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posted on 17 October 2017

September 2017 Import and Export Price Year-over-Year Inflation Again Increases

Written by Steven Hansen

Import and export price inflation continues with import prices and export prices up.

Analyst Opinion of the Import / Export Price Situation

The elephant in this month's changes were fuel / oil commodities.

Import Oil prices were up 4.2 % month-over-month, and export agricultural prices were up 0.1 %.

  • with import prices up 2.7 % year-over-year;
  • and export prices up 2.9 % year-over-year..
  • the markets were expecting (from Bloomberg):
Consensus Range Consensus Actual
Import Prices - M/M change 0.2 % to 0.8 % +0.5 % +0.7 %
Export Prices - M/M change -0.1 % to 0.5 % +0.5 % +0.8 %

There is only marginal correlation between economic activity, recessions and export / import prices. Prices can be rising or falling going into a recession or entering a period of expansion. Econintersect follows this data series to adjust economic activity for the effects of inflation where there are clear relationships.

Econintersect follows this series to adjust data for inflation.

Year-over-Year Change - Import Prices (blue line) and Export Prices (red line)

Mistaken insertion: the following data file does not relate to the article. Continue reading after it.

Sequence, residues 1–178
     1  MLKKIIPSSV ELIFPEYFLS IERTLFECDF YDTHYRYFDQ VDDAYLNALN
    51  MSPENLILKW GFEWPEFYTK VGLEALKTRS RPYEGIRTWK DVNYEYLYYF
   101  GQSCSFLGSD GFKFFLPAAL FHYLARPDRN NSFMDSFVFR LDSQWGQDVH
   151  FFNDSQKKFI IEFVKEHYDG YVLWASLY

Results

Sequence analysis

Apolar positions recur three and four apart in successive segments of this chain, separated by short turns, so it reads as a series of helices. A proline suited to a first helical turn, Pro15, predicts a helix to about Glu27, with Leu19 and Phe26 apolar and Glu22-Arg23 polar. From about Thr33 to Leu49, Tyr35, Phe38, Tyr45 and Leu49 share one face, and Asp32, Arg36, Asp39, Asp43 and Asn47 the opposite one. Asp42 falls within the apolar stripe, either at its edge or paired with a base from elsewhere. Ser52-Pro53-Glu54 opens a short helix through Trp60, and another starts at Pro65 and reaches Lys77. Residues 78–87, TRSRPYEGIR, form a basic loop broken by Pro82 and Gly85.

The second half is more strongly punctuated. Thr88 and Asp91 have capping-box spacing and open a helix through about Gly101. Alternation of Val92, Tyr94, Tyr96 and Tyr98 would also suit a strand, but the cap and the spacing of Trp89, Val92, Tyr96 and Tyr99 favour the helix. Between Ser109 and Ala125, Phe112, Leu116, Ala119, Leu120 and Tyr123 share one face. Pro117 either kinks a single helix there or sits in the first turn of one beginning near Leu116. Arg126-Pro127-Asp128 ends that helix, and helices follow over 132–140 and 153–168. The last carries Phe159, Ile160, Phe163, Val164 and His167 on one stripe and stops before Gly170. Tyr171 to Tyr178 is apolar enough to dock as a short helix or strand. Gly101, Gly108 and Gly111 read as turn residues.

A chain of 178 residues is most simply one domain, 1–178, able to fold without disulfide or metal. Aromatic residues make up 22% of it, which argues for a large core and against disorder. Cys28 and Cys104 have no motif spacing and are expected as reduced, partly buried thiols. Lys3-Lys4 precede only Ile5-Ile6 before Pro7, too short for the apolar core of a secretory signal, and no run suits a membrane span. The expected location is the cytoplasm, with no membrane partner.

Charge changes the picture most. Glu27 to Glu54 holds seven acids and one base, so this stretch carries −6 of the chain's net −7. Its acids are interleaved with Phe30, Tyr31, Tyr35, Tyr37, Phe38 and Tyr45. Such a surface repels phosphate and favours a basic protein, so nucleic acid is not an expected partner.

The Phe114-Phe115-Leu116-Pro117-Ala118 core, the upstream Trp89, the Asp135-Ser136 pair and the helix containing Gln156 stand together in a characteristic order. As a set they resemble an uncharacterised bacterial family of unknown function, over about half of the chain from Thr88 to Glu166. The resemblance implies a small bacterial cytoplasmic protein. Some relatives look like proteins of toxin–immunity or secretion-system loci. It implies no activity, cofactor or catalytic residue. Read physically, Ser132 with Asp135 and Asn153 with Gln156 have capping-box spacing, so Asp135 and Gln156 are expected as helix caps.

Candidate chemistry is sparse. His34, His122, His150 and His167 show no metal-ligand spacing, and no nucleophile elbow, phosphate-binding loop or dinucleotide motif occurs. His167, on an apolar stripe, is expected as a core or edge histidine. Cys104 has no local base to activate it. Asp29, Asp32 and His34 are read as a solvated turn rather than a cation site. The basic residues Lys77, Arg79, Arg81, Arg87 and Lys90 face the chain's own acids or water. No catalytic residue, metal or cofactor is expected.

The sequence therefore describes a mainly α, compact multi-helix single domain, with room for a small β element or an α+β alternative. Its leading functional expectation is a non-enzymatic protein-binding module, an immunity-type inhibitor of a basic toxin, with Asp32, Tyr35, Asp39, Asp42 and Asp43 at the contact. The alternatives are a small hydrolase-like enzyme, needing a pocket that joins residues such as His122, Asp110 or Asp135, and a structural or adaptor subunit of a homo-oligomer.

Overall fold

There are three cases of deflation outside of a recession - early 1990′s, late 1990′s, and mid 2000′s. Import price deflation is normally associated with strengthening of the dollar relative to other currencies.

According to the press release:

All Imports: Import prices rose 0.7 percent in September, the largest monthly rise since an increase of 0.7 percent in June 2016. The last time import prices advanced by more than 0.7 percent was a 1.2-percent increase in May 2016. Higher prices for both fuel and nonfuel imports contributed to the overall rise in import prices for September. Prices for U.S. imports also increased on a 12-month basis, advancing 2.7 percent.

All Exports: U.S. export prices rose 0.8 percent in September following a 0.7-percent increase in August. The September advance was the largest monthly rise since an increase of 0.8 percent in June 2016. The last time the index increased by more than 0.8 percent was a 1.1-percent advance in May 2016. Prices for exports rose 2.9 percent over the past year. The September advance was driven by rising prices for nonagricultural commodities; agricultural export prices decreased in September.

How moderate the price "increases" have been over the past year is obvious from the graphic below.

Month-over-Month Change - Import Prices (blue line) and Export Prices (red line)

The biggest mover of import and export prices are usually oil (imports) and agricultural products (exports).

Oil Import Price Change Month-over-Month (blue line) and Agriculture Export Change Month-over-Month (red line)

Caveats on the Use of the Export / Import Price Index

Both import and export prices index values shown in this post is a weighted average for the the entire category of exports or imports. The BLS has many sub-categories relating to a particular commodity or goods. Econintersect using spot checks believes these subindexes are accurate.



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